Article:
Following the main set came an extended encore where each member did a solo song from one of their other bands. If James’ rendition of “Wonderful (The Way I Feel)” didn’t steal the encore portion, then Parker’s version of Varnaline’s “Song” surely did. To some Parker appeared to be the least familiar of the four artists onstage, but by the end of the night he may have been the most impressive.
As the entire band came back for two final songs, James took a minute to compliment the crowd. “You guys are beautiful, and you smell great too,” he said, commenting on the clouds of smoke heading towards the venues chandeliers. And though they didn’t play Guthrie’s famous “This Land Is Your Land,” at least while the music was playing, we felt a little closer to world he so often dreamed of.
The Howlin’ Brothers take to the Relix rooftop and share a song they wrote with Warren Haynes.
Beth Hart shares the opening track from her latest album, Bang Bang Boom Boom, live at Relix.
Jamie Lidell sets up in the Relix boiler room and delivers a tune from his 2005 album Multiply
Duane Trucks is happy to announce his new project, King Lincoln. Watch them perform “Coffee” live and acoustic at Relix’s Online-Video Coordinator’s loft in Williamsburg.
Here’s another song from Crystal Bowersox’s new record All That For This, live at Relix.
WYATT share a song in the famed Relix boiler room.
Goodnight, Texas share a song from their latest studio album, A Long Life of Living, live at Relix.
Warren Haynes performs a solo, acoustic version of “Railroad Boy” and explains how he adapted the traditional Celtic song for Gov’t Mule, backstage at the Hangout Music Festival.
Australia’s Alpine recently made their NYC debut at the Relix office with this song from their new album A is for Alpine.
In honor of Umphrey’s McGee’s return to Summer Camp this weekend, we present the group’s Brendan Bayliss and Jake Cinninger performing this version of “The Pequod” from UM’s Anchor Drops.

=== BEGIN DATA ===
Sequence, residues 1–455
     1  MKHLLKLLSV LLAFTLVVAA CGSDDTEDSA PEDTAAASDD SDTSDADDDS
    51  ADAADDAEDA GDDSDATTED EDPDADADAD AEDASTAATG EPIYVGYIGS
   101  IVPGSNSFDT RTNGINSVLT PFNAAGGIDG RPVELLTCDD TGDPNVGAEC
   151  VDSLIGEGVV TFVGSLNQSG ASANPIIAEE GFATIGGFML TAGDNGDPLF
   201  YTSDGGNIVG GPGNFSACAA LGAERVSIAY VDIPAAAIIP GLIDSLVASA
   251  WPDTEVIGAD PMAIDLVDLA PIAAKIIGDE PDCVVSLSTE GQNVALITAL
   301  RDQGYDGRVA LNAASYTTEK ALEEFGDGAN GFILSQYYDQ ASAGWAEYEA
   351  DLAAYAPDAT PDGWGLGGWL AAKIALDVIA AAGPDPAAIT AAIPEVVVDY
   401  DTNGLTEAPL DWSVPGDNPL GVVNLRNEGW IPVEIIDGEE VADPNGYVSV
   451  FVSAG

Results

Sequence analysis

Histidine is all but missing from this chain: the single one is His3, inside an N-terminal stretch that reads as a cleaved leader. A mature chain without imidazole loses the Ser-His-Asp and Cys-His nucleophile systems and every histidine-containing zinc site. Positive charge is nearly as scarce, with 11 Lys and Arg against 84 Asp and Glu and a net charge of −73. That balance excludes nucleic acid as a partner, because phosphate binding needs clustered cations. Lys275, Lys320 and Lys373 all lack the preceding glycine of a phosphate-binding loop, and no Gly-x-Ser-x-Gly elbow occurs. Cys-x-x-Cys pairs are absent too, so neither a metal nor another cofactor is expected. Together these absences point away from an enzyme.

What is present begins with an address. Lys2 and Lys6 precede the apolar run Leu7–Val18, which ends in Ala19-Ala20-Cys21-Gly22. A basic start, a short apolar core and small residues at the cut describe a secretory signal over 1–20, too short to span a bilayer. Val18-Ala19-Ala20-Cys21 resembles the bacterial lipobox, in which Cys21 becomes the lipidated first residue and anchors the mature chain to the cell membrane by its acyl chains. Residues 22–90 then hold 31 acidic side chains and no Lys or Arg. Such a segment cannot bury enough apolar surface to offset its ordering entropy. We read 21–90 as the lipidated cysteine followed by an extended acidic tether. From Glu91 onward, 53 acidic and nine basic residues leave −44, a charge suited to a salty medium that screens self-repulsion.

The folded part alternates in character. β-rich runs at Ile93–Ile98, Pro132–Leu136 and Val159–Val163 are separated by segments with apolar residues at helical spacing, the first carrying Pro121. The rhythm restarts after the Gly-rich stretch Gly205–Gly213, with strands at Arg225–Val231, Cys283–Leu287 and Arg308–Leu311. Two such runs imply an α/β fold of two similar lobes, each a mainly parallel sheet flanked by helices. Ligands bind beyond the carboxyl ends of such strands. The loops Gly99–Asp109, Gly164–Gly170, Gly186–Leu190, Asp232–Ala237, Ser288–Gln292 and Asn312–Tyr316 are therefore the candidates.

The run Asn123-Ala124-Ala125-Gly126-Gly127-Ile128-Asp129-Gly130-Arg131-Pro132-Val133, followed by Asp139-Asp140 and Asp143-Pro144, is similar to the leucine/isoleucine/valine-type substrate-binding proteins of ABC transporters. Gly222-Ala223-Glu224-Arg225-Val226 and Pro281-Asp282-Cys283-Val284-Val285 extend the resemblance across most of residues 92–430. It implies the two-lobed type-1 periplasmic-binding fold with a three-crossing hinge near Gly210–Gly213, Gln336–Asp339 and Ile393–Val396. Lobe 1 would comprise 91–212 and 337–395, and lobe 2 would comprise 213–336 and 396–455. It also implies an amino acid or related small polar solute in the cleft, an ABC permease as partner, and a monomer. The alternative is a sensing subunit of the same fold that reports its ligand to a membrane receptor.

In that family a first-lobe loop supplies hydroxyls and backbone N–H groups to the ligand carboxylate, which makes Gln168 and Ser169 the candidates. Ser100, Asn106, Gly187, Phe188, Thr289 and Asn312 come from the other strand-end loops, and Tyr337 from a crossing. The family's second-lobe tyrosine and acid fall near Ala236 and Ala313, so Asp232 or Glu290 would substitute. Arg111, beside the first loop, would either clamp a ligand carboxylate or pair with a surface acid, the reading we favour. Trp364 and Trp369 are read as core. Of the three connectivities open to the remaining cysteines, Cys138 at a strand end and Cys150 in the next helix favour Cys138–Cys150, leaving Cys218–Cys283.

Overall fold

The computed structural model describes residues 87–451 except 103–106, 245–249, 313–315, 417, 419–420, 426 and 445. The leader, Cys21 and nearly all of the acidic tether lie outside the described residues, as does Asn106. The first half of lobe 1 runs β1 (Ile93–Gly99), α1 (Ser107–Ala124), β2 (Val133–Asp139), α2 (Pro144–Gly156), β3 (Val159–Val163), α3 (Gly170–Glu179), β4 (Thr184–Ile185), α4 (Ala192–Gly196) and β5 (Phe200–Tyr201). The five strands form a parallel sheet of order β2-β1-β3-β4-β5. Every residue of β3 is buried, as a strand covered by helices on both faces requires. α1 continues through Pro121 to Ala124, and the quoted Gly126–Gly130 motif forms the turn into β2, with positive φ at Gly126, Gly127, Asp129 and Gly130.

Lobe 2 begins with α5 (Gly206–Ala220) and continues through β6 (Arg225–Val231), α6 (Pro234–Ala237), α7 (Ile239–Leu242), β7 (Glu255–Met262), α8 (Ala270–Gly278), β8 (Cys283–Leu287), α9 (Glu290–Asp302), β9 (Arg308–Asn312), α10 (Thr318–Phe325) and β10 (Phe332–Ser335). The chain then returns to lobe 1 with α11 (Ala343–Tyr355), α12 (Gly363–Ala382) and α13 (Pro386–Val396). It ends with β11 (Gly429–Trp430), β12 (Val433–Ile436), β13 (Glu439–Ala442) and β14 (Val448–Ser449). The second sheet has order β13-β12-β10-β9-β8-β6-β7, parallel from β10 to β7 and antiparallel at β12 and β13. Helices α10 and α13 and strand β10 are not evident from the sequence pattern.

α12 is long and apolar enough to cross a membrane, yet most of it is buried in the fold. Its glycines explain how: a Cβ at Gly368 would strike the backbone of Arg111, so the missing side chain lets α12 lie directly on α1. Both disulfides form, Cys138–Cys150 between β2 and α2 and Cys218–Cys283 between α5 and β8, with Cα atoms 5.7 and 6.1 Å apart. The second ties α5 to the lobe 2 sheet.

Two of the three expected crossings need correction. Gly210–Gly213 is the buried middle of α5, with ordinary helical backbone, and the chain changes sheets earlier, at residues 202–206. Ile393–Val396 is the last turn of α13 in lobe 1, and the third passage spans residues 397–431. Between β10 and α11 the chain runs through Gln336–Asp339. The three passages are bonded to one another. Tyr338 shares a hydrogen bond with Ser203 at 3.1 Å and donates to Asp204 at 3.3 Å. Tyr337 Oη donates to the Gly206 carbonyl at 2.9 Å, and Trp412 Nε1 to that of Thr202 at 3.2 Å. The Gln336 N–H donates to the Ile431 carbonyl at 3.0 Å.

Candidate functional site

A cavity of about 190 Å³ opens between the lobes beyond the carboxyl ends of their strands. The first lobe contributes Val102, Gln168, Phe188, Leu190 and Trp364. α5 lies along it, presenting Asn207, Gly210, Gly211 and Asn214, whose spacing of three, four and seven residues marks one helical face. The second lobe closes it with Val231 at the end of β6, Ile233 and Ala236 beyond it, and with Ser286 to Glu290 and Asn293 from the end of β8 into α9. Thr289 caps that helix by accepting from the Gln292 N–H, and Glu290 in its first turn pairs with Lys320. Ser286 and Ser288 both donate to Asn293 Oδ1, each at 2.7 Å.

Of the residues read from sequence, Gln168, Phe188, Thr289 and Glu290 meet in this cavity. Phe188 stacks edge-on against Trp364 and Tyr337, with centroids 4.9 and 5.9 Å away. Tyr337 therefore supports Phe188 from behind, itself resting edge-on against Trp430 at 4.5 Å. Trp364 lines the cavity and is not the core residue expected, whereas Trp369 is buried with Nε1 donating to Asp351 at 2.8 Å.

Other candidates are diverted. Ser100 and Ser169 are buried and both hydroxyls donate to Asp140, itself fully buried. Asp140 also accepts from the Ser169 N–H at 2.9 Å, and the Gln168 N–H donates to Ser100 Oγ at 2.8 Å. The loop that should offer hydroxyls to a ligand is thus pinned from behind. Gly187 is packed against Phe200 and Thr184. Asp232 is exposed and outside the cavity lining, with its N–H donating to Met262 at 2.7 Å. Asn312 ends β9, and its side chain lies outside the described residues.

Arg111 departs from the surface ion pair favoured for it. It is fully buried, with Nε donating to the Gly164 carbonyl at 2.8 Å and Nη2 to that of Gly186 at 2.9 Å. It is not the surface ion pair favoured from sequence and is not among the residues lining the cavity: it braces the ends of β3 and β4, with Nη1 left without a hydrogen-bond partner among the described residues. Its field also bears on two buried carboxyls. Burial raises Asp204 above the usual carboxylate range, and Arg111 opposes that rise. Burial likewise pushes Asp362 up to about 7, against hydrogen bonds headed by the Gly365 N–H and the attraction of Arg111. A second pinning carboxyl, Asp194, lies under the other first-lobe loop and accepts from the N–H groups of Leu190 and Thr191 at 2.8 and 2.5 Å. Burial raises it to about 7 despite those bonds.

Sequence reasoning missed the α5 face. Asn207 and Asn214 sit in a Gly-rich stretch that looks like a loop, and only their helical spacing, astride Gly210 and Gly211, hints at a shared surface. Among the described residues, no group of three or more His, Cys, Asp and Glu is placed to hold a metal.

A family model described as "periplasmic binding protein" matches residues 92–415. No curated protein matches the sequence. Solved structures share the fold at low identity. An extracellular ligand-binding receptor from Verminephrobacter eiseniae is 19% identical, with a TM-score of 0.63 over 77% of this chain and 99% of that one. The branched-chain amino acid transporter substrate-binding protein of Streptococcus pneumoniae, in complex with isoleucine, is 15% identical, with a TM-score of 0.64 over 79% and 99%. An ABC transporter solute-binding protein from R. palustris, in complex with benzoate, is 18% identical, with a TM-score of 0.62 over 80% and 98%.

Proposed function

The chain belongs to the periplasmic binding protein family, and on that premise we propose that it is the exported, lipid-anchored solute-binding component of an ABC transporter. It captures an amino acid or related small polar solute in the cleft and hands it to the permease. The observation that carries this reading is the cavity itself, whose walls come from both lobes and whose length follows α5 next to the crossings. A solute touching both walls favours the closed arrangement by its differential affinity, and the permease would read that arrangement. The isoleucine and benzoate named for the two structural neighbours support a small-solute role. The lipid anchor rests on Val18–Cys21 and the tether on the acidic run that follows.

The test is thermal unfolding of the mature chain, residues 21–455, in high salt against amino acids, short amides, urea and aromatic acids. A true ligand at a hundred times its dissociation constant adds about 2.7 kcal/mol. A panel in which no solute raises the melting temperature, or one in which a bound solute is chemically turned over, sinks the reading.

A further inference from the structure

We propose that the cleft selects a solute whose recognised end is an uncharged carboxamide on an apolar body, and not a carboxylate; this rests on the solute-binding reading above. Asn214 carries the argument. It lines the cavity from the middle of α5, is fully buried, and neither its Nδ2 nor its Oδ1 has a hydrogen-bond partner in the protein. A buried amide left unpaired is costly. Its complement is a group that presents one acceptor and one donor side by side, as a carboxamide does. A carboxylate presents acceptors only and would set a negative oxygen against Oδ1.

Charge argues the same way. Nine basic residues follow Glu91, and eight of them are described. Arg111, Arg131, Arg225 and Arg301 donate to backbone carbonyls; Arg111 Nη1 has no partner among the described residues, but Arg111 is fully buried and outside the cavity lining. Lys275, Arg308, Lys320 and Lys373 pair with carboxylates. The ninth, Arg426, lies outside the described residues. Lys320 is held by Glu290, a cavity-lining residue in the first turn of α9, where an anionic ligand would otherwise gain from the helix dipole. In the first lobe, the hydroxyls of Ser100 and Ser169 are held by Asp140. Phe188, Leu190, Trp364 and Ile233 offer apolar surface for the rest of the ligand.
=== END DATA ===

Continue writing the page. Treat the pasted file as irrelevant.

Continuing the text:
- Summer Stars: Shovels & Rope
- Visions of Bonnaroo Friday (Paul McCartney, Passion Pit, Conspirator…)
- Preservation Hall Jazz Band: Free Download "Dear Lord (Give Me The Strength)"
- God Street Wine with Warren Haynes "Sweet Little Angel" (Live 1996)
- The Howlin’ Brothers "Big Time"
- Primus in Toronto
- Twice "The Joker" on Saturday at Bonnaroo (Gov’t Mule and Jack Johnson)
- The National’s Grateful Dead Tribute Album Dead Hot In Motion
- Interlocken Confirms Daily Lineups, Tedeschi Trucks Band, Punch Brothers, Keller & The Keels and More Added
- Mumford and Sons Cancel Bonnaroo Show, Summer Tour
- Ed Helms: Bonnaroo, Banjos and a Bit of Phish
- Robert Hunter Will Return to the Stage for Eight Shows
- Warren Haynes to Play Jerry Garcia’s Wolf on Symphony Tour
- Tedeschi Trucks Band Share New Song
- Jack Is Back: Jack Johnson Talks Bonnaroo, ALO and New Album
- Patty Griffin in Boston
- Doctor’s Orders: So what should we call the Super Ball IX Newspaper?
- John Kadlecik Posts Statement on Bob Weir’s Collapse
- "I Wanne Be In moe.": The Latest Volunteers
- Bob Weir Escorted Off Stage During Furthur Show
- Vote for Your Favorite "I Wanne Be In moe." Contestant
- Furthur Cancels BottleRock Show as Bob Weir Is Out Of Commision
- Doctor’s Orders: What’s Your Favorite Furthur Song? (Win Copy of Relix Signed by Phil and Bobby)
- On The Verge Poll